SP: Which other writers influenced you when you were young?

EC: Jonathan Swift. Lewis Carroll. Charlotte Brönte. Mary Shelley. Oscar Wilde. Stevenson. Kipling. As I got older, Argentine writers. Bioy Casares, Silvina Ocampo—who was Casares’s wife . . . they lived just two blocks away from where I was born and raised. I used to see them shopping for groceries and vegetables—and I knew them, in the neighborhood way. Julio Cortázar, Manuel Puig, Sarmiento, Alejandra Pizarnik, and many, many other Argentine writers. Let’s see, after that, Virginia Woolf. I like her novels, but I prefer her essays. I like the way her mind works. How she thought literature should work—that reading and writing are connected. Then, Proust, Poe, Maupassant, Balzac, Gogol, and Dostoyevsky.

SP: You have a daughter. Tell us about her.

EC: She’s fourteen now. Very dynamic. Strong willed. She knows who she is and what she likes. She loves animals. She likes riding horses. She is an equestrian. She competes a lot. Sometimes every weekend. I like that she likes riding, but it makes me nervous sometimes—her on that big horse. She spends the whole weekend with her friends and the horses, and when they are not riding they are taking care of the horses, feeding them, brushing them, washing them. She just loves to be with animals. All her life. Since she was a little girl. Dogs. Cats. If it were up to her, our house would be a zoo. At school she does very well in literature, but she doesn’t love it, or have a passion for it. She likes history a lot. And she hates math.

SP: Does she support your writing time?

EC: Well, when she was very little, she knew that I was doing something at my desk, but it took her some time to understand that I was working, that writing was working, even though I was at home. She was a bit noisy, demanding attention, but I understood that is normal for a child. Now she is used to the fact that I am a writer. She accepts and permits my writing time.

SP: Does she inspire you to write?

EC: Yes. It’s amazing. I never plan it. It just happens.  Talking with her sometimes sparks ideas. The things she says, the way she says them. Motherhood changes your life, radically—as do all the important things in life—it turns you into something else. It makes you realize there is more than the self.  I want to write about motherhood sometimes, the relationship between a mother and her daughter, but I need a little time for that. Right now I am still inside the motherhood situation. I write better about something when I have a little distance from it. Perhaps when she is older. When I am older, which is not too far from now, ha?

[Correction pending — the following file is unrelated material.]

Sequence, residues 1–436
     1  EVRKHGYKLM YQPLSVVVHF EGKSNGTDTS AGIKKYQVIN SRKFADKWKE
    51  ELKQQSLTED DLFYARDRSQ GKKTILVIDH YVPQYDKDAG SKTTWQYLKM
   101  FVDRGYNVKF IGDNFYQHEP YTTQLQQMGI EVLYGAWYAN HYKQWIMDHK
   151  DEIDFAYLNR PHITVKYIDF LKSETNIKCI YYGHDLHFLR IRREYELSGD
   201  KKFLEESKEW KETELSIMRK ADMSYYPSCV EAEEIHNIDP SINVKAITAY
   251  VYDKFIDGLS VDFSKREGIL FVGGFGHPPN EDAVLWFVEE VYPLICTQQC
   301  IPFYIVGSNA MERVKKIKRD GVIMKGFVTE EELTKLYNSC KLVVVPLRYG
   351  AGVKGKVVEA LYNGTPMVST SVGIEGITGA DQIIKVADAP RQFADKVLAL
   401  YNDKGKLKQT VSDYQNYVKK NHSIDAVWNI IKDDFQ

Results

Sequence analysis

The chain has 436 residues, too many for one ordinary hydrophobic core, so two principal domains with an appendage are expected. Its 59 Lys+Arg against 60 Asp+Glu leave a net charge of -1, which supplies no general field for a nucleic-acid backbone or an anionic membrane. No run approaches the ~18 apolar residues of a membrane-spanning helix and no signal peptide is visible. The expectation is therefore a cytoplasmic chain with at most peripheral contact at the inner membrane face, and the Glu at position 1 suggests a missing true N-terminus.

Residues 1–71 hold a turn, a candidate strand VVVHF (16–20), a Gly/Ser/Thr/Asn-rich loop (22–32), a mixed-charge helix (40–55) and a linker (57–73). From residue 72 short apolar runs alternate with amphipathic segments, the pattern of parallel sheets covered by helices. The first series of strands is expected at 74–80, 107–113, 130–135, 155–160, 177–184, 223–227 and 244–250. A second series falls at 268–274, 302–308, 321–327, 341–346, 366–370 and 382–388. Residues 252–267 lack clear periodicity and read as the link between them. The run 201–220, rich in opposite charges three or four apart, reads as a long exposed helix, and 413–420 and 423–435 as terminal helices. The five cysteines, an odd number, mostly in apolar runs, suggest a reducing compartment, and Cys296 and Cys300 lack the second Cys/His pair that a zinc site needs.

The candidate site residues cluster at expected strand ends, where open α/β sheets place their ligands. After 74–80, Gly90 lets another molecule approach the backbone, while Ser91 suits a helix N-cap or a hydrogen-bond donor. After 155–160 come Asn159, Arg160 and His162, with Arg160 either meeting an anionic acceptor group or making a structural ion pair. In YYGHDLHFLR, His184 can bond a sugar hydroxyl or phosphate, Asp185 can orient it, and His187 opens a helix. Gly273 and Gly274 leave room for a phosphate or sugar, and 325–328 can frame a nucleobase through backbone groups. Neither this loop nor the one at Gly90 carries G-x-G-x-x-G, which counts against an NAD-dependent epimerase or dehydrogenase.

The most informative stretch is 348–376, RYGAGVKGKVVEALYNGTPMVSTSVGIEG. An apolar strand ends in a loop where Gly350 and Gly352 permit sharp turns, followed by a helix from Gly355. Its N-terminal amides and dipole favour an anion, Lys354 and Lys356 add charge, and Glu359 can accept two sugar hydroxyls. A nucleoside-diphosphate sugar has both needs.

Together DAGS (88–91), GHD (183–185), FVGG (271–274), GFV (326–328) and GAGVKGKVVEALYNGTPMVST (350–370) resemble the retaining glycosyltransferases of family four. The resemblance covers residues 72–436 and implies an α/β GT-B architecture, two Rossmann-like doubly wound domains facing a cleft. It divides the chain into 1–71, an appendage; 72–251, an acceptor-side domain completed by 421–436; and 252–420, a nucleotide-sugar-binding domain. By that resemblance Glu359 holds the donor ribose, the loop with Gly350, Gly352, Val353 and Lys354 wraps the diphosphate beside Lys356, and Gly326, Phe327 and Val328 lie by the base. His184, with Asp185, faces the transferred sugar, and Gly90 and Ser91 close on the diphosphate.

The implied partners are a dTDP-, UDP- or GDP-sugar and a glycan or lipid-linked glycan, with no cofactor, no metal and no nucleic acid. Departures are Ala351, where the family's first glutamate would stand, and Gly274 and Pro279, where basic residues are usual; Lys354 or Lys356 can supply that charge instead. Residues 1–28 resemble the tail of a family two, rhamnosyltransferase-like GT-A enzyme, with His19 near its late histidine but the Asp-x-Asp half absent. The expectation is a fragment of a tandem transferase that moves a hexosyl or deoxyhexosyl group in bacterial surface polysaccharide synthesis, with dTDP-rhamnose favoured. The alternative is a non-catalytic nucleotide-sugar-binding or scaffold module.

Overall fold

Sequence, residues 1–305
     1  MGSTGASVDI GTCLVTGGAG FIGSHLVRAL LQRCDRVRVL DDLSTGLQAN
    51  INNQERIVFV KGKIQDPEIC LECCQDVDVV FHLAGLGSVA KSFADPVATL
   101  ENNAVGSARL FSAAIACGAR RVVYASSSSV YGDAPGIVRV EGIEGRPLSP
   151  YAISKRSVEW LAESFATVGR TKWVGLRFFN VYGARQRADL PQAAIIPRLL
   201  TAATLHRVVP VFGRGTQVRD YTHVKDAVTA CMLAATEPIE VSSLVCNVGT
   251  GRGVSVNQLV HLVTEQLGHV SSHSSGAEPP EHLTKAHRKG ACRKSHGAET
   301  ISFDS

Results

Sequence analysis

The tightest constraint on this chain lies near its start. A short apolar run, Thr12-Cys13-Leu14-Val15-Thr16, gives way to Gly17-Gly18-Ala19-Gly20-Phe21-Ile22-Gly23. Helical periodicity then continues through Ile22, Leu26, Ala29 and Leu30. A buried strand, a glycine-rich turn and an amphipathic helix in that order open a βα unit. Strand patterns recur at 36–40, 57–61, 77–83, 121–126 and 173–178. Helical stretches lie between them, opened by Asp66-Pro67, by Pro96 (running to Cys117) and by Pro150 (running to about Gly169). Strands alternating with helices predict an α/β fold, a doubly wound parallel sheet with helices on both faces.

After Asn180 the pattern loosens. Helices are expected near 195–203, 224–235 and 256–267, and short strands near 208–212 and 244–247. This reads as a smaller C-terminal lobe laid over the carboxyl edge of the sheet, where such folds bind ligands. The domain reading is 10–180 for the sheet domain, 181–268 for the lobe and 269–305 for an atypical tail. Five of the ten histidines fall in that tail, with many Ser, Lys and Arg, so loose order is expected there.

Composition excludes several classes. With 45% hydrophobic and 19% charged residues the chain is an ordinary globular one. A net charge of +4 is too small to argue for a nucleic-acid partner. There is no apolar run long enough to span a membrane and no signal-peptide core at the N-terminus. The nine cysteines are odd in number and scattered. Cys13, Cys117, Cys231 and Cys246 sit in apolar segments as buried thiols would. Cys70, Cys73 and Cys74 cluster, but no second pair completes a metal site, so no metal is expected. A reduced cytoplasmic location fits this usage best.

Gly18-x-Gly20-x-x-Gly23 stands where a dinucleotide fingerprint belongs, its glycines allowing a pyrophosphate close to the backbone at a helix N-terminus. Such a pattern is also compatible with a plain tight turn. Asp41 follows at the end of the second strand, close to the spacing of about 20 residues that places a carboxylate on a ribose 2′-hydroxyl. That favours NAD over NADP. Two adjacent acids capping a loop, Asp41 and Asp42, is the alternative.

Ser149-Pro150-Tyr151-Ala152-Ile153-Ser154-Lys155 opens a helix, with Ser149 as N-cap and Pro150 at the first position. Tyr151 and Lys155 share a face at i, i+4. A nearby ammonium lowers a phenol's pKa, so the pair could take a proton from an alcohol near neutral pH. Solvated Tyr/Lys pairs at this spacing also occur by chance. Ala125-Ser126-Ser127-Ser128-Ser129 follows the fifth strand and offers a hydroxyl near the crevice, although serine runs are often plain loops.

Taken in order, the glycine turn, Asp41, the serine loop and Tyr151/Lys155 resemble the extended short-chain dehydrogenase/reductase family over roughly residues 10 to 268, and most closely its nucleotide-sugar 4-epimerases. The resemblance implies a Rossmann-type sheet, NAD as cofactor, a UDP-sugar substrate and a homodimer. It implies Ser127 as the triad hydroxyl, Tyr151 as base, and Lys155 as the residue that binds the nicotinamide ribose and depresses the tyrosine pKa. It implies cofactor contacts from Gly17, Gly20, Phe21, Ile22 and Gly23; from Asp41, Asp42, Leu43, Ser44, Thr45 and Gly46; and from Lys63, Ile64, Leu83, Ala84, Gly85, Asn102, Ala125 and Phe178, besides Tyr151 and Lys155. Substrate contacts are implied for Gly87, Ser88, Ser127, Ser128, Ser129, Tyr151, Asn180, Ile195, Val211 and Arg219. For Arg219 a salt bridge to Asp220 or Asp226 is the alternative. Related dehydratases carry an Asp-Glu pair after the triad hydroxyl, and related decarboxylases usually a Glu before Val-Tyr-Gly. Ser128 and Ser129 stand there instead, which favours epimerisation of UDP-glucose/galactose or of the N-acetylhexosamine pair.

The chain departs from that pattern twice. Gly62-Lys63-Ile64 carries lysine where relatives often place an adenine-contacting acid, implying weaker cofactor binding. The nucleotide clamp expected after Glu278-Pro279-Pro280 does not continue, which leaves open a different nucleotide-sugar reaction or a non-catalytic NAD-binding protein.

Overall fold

SP: You recently wrote a novel in three months. How did that go? Where you happy with the results?

EC: I was very happy. It came after almost a year of block. I had been writing, but only commissioned work—short pieces for magazines and such. I was relieved when it came out so quickly and so well. I think it had been burgeoning inside of me for a while, growing; it just had to find a time to come out. That one-year block was the first time in my writing career that I had not been writing what I wanted to write. When I finally started the book, it was three months of writing non-stop.

SP: Do you have a theory on why you had the block?

EC: Not exactly, but I think it might have been because the novel I had written before, Radiana, I had written obsessively. I don’t usually write obsessively. Radiana is a short novel, with lots of small parts and characters intertwined, and I started out with the idea that I wanted all the parts to connect, so when you read it and get to the end, you will understand the beginning and find meaning in the whole. I was obsessive in that I was making too many changes as I was writing. I usually don’t write that way.  I do make a lot of corrections, but usually only after I complete a first draft, when I revise. This obsessive behavior was intense. It left me exhausted.

SP: In general, besides that particular book, do you write quickly, or do you labor over words as you write?

EC: It’s ironic, because my novels usually come out quickly, and then I go back and spend a lot of time making corrections, but my short stories come out slowly. In a short story, every sentence has an important job, and each sentence has to follow the previous one, so if you write a weak sentence, it is hard to follow it with a strong sentence. The story just does not progress as it should.

SP: Where do your ideas for your books and stories come from?


EC: Life, in general. Things that happen to me. Things I see. Conversations I hear. Things people say to me. Lately, it has been in dreams. The last four or five short stories I wrote came to me in dreams.

SP: The stories complete from beginning to end?

EC: Not complete, but in bits and parts, and in instructions. For example, for some days I had wanted to write a story about the countryside, about when I was young and vacationed on the ranch. I wrote a couple of stories, and started another, but I didn’t like what I was writing. The stories were not coming out well. Then, one night, I dreamed I was answering the telephone, and when I picked up the receiver I heard my father’s voice, and he said, “Cross!” he called me by my surname, “Cross,” he said, “you have to go out and take the dog for a walk.” So I woke up and I told my husband about the dream. And my husband said, “Well, you have to take the dog for a walk then.”

SP:  So you did.

EC:  And I did. But nothing happened.  I almost forgot about the dream, and late that same afternoon, I was sitting at my desk, and I remembered an event with my father and his dog. I wrote a story about the event.

SP: Do you feel you have a muse?

EC: No. I would love to, but I don’t.

SP: Do you have a favorite place to write?

EC: Yes. My study, and in cafés. I go to a café with my computer, I find a table near a wall, and I sit with my back to a wall, and I start to write. If the bar is not to noisy I can get a lot of writing done. Sometimes I can write in a noisy bar, if the energy is right.

SP: Are there are a lot of bars with creative energies here in Buenos Aires?